Thirty Years' War

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Related to Thirty Years War: Hundred Years War, Treaty of Westphalia

Thirty Years' War

n.
A series of wars in central Europe beginning in 1618 that stemmed from conflict between Protestants and Catholics and political struggles between the Holy Roman Empire and other powers. It ended with the Peace of Westphalia (1648).
American Heritage® Dictionary of the English Language, Fifth Edition. Copyright © 2016 by Houghton Mifflin Harcourt Publishing Company. Published by Houghton Mifflin Harcourt Publishing Company. All rights reserved.

Thirty Years' War

n
(Historical Terms) a major conflict involving principally Austria, Denmark, France, Holland, the German states, Spain, and Sweden, that devastated central Europe, esp large areas of Germany (1618–48). It began as a war between Protestants and Catholics but was gradually transformed into a struggle to determine whether the German emperor could assert more than nominal authority over his princely vassals. The Peace of Westphalia gave the German states their sovereignty and the right of religious toleration and confirmed French ascendancy
Collins English Dictionary – Complete and Unabridged, 12th Edition 2014 © HarperCollins Publishers 1991, 1994, 1998, 2000, 2003, 2006, 2007, 2009, 2011, 2014

Thirty Years' War

1618–48 A central and western European conflict originally fought on Catholic versus Protestant issues but becoming increasingly secularized. France and Sweden both entered on the Protestant side.
Dictionary of Unfamiliar Words by Diagram Group Copyright © 2008 by Diagram Visual Information Limited
ThesaurusAntonymsRelated WordsSynonymsLegend:
Noun1.Thirty Years' War - a series of conflicts (1618-1648) between Protestants and Catholics starting in Germany and spreading until France and Denmark and Sweden were opposing the Holy Roman Empire and SpainThirty Years' War - a series of conflicts (1618-1648) between Protestants and Catholics starting in Germany and spreading until France and Denmark and Sweden were opposing the Holy Roman Empire and Spain
battle of Lutzen, Lutzen - a battle in the Thirty Years' War (1632); Swedes under Gustavus Adolphus defeated the Holy Roman Empire under Wallenstein; Gustavus Adolphus was killed
Battle of Rocroi, Rocroi - a battle in the Thirty Years' War (1643); the French defeated the Spanish invaders
Based on WordNet 3.0, Farlex clipart collection. © 2003-2012 Princeton University, Farlex Inc.
References in periodicals archive ?
The authors argue that both the Thirty Years War in Europe and the conflict in the Middle East consist of a series of separate but interconnected struggles and detail their belief that the 17th century treaty's success was due to its peacemaking techniques and diplomatic lessons -- to include bigger powers, to be innovative, creative, willing to compromise and, finally, to negotiate for as long as it takes until a peace deal is signed.
For many Turks who live in their urban comfort zones in ystanbul, Ankara and yzmir, references to the Thirty Years War might seem distant and unnecessarily pessimistic.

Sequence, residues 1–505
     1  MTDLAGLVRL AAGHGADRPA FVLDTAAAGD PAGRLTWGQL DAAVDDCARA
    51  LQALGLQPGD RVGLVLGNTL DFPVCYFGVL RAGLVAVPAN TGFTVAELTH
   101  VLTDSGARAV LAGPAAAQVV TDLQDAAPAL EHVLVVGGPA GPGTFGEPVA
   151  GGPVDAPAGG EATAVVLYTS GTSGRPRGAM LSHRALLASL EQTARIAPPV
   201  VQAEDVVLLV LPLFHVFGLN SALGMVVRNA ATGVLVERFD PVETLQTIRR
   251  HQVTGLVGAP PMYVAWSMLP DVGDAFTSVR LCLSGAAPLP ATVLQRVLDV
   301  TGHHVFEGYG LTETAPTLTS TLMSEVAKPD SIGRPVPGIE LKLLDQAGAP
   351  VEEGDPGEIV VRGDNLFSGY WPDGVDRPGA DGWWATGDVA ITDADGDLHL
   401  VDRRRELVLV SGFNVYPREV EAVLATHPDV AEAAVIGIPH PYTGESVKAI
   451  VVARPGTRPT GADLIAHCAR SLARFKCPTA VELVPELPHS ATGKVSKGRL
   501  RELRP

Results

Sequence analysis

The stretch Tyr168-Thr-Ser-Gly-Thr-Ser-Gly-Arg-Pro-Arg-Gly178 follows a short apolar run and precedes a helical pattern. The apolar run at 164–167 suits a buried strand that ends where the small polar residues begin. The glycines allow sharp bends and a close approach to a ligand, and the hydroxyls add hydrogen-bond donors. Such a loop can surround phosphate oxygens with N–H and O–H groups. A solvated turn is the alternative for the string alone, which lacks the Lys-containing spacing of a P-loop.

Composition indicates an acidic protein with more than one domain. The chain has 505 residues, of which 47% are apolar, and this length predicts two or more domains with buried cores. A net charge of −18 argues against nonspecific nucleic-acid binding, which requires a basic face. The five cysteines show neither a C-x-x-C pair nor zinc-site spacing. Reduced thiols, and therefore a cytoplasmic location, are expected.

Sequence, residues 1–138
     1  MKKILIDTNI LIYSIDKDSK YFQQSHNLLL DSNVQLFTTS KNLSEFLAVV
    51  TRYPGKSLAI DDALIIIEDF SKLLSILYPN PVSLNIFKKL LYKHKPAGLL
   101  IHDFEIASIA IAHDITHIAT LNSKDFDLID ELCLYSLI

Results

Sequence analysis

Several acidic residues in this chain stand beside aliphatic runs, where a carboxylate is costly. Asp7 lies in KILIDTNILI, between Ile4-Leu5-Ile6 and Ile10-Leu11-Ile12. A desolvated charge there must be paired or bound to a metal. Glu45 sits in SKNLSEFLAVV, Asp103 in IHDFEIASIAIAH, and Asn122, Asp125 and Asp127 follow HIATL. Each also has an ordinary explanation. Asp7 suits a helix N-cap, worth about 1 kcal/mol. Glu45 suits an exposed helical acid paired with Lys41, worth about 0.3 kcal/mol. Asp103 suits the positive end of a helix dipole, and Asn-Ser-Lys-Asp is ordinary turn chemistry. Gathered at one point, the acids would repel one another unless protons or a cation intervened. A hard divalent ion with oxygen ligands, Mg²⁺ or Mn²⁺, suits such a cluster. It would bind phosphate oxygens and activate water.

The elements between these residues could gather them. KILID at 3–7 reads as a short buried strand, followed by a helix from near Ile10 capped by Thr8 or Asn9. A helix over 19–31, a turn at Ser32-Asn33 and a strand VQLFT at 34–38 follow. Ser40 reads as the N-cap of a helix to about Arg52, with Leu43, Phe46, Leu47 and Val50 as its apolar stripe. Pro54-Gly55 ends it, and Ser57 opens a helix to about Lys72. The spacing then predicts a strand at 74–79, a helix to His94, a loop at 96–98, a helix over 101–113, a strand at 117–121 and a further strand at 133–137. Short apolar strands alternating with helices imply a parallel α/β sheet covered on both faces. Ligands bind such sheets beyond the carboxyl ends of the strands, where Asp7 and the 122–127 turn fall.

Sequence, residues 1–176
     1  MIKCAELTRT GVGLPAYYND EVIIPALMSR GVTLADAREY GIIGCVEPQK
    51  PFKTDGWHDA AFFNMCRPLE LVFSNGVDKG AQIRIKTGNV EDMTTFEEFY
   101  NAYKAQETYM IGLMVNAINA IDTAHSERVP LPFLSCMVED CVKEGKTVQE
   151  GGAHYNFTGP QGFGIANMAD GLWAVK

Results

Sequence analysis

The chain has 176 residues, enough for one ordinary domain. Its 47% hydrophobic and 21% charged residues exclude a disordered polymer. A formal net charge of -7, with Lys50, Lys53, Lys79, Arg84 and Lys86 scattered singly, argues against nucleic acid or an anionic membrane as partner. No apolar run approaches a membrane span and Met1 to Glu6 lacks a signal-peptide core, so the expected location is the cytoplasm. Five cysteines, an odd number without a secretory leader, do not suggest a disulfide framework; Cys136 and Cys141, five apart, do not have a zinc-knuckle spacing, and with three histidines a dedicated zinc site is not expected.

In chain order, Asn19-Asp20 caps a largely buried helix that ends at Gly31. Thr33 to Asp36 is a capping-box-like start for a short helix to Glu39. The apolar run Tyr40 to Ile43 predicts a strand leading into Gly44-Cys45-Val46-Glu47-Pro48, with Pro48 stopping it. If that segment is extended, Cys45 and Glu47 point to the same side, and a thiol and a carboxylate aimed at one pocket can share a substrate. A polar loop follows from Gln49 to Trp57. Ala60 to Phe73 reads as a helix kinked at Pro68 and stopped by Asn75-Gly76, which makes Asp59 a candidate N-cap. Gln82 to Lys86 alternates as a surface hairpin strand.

In reality, the Thirty Years War was a struggle for European hegemony between the Bourbon and Habsburg monarchies.
This narrative is part of the rich history of the life and times of Landgravine Amalia Elisabeth of Hesse-Cassel, told very compelling by Tryntje Helfferich in her book The Iron Princess: Amalia Elisabeth and the Thirty Years War. Helfferich tells the remarkable story of how this woman managed to survive the war, rule well, keep and even increase her land holdings, pacify her estates, and play a decisive role in the Peace of Westphalia's legal recognition of the Reformed faith in the empire.
The 20th century's Thirty Years War involved huge civilian and military casualties, destruction of cities, towns, villages, and infrastructure.
A mother of 12 children (eight of whom died), Amalia Elisabeth stepped squarely onto a larger stage when her husband, the regent of Hesse-Cassel, died in the middle of the Thirty Years War (1618-1648).
Much of the source material on news relating to the Thirty Years War is the English newsbooks themselves--what Boys refers to as "internal evidence" (49).
Wilson, The Thirty Years War: Europe's Tragedy (London: Penguin Press, 2009), 9.
After the Thirty Years War, Rind Tribe Defeated the Lashari Tribe, Mir Chakar left Balochistan and settled in the Punjab in 1518.
1648: The Treaty of Westphalia ended the Thirty Years War, recognising France as a Western power.
Dame Veronica Wedgwood concluded her celebrated account of the Thirty Years War, first published in 1938, by claiming it 'solved no problem' and was 'the outstanding example in European history of meaningless conflict.' To those caught in its maw, as well as later generations struggling to understand it, the war seemed an endless succession of horrifying events which ravaged all who became involved and devastated its principal battleground, the Holy Roman Empire.